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Chapter 12:29-32 (ESV)

Posted on February 23, 2024  - By Chris LaBelle  

Chapter 12:29-32 (ESV) - “When the LORD your God cuts off before you the nations whom you go in to dispossess, and you dispossess them and dwell in their land, take care that you be not ensnared to follow them, after they have been destroyed before you, and that you do not inquire about their gods, saying, ‘How did these nations serve their gods?—that I also may do the same.’ You shall not worship the LORD your God in that way, for every abominable thing that the LORD hates they have done for their gods, for they even burn their sons and their daughters in the fire to their gods.

“Everything that I command you, you shall be careful to do. You shall not add to it or take from it.”

Question to consider: Why would Israel be tempted to serve these other gods?

For the last two thousand years, we have lived during an age in which Jesus declared, “All authority in heaven and on earth has been given to me.” (Matthew 28:18) Our entire calendar has been centered around Him regardless of whether someone uses the secular term, CE (“Common Era”) rather than AD (“Anno Domini” – year of our Lord). We no longer think in terms of trying to appease the gods of the nations. If anything, we look at different religions in terms of cultural traditions and will investigate the art and religious practices out of curiosity or to develop relationships with people of those cultures.

Some good examples of how people behaved in ancient history would be the sailors and Ninevites in the book of Jonah as well as the resettlement of Samaria by the Assyrian King (2 Kings 17:24-41). The sailors in the book of Jonah believed one of the sea gods was angry with them and cast lots to figure out which passenger caused this anger. Their intent was to appease whatever god was angry by whatever means necessary. After Jonah was cast into the sea, and it became calm, the sailors worshiped the God of Jonah.

When Jonah was swallowed by the giant fish, it would have been assumed that Jonah’s God abandoned Jonah to Dagon, the Assyrian god of the sea. He was worshiped by the Ninevites, for Nineveh was the capital city of Assyria. When God delivered Jonah from the giant fish, he became a sign to the Ninevites (Luke 11:30) that Jonah’s God was more powerful than Dagon. When Jonah proclaimed that His God would destroy their city, they repented in the manner they believed would appease the God of Jonah (sackcloth and ashes).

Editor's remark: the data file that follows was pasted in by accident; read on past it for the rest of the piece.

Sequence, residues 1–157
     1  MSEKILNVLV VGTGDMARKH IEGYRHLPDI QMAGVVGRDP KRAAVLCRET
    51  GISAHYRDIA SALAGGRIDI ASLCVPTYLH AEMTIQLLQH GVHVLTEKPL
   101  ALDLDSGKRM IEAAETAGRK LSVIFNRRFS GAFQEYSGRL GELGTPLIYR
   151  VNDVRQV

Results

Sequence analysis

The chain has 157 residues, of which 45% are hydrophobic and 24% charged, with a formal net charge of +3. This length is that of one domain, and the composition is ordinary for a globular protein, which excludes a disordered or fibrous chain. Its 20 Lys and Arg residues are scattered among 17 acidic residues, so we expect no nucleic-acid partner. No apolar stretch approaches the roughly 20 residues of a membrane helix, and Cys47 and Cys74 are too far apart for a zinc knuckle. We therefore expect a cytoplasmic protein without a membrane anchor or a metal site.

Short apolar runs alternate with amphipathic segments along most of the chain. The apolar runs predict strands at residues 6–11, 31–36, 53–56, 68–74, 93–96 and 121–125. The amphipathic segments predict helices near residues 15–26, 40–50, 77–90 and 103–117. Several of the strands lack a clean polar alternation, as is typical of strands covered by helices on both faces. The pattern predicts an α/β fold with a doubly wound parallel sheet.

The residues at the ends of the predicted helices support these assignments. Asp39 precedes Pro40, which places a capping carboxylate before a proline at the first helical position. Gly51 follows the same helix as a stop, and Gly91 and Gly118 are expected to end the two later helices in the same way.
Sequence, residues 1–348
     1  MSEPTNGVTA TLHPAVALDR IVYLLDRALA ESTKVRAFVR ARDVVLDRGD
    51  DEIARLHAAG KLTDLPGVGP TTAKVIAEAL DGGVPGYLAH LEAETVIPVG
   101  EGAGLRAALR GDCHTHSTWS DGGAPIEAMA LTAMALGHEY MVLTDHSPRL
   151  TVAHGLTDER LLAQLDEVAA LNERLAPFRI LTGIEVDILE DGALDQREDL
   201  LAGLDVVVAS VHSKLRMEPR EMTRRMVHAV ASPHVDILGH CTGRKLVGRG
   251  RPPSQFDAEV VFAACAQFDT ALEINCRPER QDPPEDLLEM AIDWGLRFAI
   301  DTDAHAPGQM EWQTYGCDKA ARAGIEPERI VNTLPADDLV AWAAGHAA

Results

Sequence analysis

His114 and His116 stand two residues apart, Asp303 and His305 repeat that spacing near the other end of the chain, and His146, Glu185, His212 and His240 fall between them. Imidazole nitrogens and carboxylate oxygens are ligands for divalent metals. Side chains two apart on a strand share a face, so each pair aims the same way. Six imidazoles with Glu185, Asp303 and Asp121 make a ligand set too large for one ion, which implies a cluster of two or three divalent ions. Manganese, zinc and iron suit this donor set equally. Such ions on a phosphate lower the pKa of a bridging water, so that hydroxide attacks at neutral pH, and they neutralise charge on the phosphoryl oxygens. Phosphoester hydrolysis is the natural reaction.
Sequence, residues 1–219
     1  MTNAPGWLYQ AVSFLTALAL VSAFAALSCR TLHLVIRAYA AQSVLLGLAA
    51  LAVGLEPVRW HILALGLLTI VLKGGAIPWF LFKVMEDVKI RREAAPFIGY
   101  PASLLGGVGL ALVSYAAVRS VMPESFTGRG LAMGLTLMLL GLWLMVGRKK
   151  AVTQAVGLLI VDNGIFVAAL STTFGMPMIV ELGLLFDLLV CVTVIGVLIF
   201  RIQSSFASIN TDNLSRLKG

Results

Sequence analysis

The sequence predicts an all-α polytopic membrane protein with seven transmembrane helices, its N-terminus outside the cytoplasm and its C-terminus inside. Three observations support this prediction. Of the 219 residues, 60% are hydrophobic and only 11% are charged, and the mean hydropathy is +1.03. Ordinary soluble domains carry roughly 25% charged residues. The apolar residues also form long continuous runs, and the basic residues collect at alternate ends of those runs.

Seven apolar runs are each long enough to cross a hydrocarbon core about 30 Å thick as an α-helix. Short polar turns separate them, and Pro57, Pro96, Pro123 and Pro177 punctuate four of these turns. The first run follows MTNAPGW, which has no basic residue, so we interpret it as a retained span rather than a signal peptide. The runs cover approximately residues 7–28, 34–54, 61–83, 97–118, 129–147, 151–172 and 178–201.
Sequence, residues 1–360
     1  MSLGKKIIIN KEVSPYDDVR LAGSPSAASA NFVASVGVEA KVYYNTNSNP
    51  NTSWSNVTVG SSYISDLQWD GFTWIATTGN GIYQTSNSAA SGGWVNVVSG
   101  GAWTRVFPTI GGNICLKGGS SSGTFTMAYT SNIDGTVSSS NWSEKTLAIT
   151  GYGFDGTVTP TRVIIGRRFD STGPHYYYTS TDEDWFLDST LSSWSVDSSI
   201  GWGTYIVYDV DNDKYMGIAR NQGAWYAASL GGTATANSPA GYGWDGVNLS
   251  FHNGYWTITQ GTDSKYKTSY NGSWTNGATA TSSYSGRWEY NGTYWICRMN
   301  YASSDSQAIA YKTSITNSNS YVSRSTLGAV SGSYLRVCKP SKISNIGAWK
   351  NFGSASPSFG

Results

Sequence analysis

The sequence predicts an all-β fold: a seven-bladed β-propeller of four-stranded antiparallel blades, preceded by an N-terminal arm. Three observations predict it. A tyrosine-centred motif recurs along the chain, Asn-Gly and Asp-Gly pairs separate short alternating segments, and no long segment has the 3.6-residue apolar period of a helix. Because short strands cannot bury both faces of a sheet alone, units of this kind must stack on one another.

The Assyrian King who resettled Samaria with people from different nations was faced with a dilemma when the people were being attacked by lions. He contacted the religious leaders of Israel to find out how to appease their God and was given the Law. Unfortunately, the people merely incorporated the Law into their pagan worship practices.

Now Israel would be coming into lands designated for different gods and be tempted to serve their gods in order to maintain peace and prosperity in the land. Unfortunately, Israel would not heed Moses’ advice, and when they feared losing their prosperity, they did abominable things (even burning their children) in order to try and regain it. Of course, the further they walked away from God, the more trouble they faced until they would eventually be evicted from the land.


Dear heavenly Father, we know You are the one true God, and yet we continually seem to rely on the things of this world to sustain us. Please stir up in us a contentment that only comes from knowing You are the source of our strength and well-being. Amen.